Water Valley, Brad Embry “stealing” from Oklahoma and Lincoln Riley’s offense
Published 9:28 am Wednesday, August 7, 2019
If you’re going to emulate someone, why not try and emulate the college football team that’s produced the last two Heisman Trophy winners?
Brad Embry and Water Valley are certainly not trying to be Lincoln Riley and the Oklahoma Sooners, but taking notes from the best at what they do is simply intelligent. Riley has coached the last two Heisman winners and No. 1 picks in each of the last two NFL Drafts. And really, the skill sets of Baker Mayfield and Kyler Murray cross over well to what the Blue Devils are trying to do in 2019.
“I looked at Oklahoma’s offense a lot this summer. Obviously, they’ve had really good players, but a lot of people have really good players,” Embry said. “I knew they were really cutting edge and innovative and I know they’ve had a mobile quarterback the last few years and have been really, really good. So we stole a little something.”
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Water Valley opened the year with Blayne Clark at quarterback. Clark is a more cerebral, pocket passer. With just a handful of games remaining, they made the switch to Jacob Truss at quarterback. Truss, like Mayfield and Murray, is quite mobile. But at the time of the transition, Water Valley never really had time to change their entire offense to revolve around what their quarterback does best. This offseason they made the time.
This is some great run-pass play design by Lincoln Riley. pic.twitter.com/gkxswHgjtS
— Max Olson (@max_olson) December 1, 2018
Statistically, the last three seasons have seen Oklahoma produce three of the top four quarterbacking seasons in college football history. Water Valley doesn’t exactly want to be the most explosive passing offense in 3A football – they’re still going to be a run first team. But some of the quarterbacking concepts Lincoln Riley installs are what they’re looking to steal.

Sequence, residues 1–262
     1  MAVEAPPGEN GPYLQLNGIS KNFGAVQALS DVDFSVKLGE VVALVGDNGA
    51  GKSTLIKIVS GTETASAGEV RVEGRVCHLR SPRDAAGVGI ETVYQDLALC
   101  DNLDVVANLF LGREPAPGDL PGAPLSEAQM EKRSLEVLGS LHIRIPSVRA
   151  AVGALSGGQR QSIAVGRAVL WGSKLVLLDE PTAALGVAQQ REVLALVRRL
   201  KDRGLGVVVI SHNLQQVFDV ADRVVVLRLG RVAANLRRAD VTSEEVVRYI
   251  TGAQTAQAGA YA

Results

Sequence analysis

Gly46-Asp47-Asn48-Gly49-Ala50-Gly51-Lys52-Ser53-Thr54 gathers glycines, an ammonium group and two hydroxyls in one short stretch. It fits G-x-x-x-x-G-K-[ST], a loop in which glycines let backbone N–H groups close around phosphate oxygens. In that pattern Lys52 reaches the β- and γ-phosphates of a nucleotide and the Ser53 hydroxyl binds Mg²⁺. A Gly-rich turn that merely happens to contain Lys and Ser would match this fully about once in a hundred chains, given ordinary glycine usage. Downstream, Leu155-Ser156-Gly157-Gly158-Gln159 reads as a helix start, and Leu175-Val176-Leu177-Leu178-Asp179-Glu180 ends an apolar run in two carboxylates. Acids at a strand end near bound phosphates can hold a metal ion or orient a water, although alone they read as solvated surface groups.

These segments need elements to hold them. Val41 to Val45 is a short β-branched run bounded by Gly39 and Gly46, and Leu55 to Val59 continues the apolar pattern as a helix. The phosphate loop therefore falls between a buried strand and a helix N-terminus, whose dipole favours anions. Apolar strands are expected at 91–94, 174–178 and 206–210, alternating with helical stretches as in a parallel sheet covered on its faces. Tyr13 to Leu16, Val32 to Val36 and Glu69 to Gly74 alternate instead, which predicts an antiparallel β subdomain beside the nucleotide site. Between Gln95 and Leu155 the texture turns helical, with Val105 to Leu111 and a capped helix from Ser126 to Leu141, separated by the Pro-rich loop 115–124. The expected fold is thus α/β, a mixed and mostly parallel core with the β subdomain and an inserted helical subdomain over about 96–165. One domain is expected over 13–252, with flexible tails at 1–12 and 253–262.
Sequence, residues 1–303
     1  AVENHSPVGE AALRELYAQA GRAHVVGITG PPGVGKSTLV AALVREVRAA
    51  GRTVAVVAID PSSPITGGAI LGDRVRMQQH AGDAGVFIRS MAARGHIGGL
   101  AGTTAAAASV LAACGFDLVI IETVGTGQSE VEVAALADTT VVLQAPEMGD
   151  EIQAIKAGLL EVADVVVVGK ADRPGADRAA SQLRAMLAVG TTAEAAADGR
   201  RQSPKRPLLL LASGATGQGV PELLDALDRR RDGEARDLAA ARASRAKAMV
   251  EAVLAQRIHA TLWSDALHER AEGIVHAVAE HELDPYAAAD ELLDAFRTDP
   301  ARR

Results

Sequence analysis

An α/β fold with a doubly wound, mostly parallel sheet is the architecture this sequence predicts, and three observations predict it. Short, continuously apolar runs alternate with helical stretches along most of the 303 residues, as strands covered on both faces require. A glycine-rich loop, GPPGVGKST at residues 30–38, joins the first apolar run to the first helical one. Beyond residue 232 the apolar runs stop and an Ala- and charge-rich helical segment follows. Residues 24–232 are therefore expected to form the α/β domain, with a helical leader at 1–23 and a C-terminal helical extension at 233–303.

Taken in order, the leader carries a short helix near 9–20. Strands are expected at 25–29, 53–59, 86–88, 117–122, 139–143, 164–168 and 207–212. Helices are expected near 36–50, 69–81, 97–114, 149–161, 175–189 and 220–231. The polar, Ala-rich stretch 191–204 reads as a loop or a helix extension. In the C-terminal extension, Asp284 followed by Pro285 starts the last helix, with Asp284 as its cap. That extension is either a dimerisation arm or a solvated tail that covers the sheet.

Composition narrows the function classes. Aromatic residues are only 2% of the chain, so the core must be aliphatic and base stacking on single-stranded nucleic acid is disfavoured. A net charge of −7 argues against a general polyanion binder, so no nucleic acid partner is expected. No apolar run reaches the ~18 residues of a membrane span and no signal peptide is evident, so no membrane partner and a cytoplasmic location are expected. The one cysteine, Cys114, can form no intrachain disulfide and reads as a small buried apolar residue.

Specifically, Embry said he looked at a lot of Oklahoma’s play-action game and how they get the quarterback out of the pocket. He calls it a “full play action,” but essentially it’s just a run-fake where guards on the offensive line are pulling as if they would on a run play. With a quarterback like Jacob Truss, that threat to run opens up so much for the passing game.
“It’s so much easier when your quarterback can move. You look at everyone in college football and the NFL now, those mobile quarterbacks put the defense in such a bind,” Embry said. “If you have a quarterback that stands in the pocket and throws the ball, it’s almost like you have to be Tom Brady or Peyton Manning, or you have to be able to run.”
The nice thing about the Oklahoma offense in particular is that it mirrors a lot of what Water Valley already did. Nearly all plays are run out of 11 personnel – one running back, one tight end and three receivers on the field.
Ultimately, Embry is really just excited to have a guy under center that’s a treat to run the ball. In high school football, you don’t have your players 40 hours a week. Time to teach an offense and simply the mental capacity of a high school kid to process an offense is tough. Being a more cerebral, pocket passer takes more of that time in the film room. Simply put, having a mobile quarterback is simpler.
Embry isn’t just picking from Oklahoma or colleges, he watches as much film as he can, from high schools to the NFL. And why not?
“It’s something different every year. I love to look at college film and I love to look at high school film,” Embry said. “Sometimes we’ll play someone and I’ll think ‘dang, that’s tough to stop.’ So I’ll write it down and take notes. I might not use it next year but I’ll have it in the future.”
In 2018, Truss didn’t transition into the full-time starting quarterback role until the final month of the season. Over the final two games of the year, including the state championship game victory, he completed 76-percent of his passes for seven touchdowns and just one interception, all while averaging nearly 80 yards on the ground. Now, with an offense being developed around what the senior does best, 2019 could be an explosive year offensively for the Water Valley quarterback.
Nathanael Gabler covers Ole Miss and high school sports for the Oxford Eagle. You can reach him at email@example.com with news tips, suggestions or comments. Follow @ngabler4 on Twitter.